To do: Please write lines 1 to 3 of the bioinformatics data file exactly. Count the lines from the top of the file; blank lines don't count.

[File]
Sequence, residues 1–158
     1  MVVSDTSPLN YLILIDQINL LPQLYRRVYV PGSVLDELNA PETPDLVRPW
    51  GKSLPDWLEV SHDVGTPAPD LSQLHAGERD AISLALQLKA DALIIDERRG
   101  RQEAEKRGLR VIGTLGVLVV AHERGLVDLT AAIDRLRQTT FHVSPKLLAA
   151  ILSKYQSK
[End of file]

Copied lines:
Sequence, residues 1–158
     1  MVVSDTSPLN YLILIDQINL LPQLYRRVYV PGSVLDELNA PETPDLVRPW
    51  GKSLPDWLEV SHDVGTPAPD LSQLHAGERD AISLALQLKA DALIIDERRG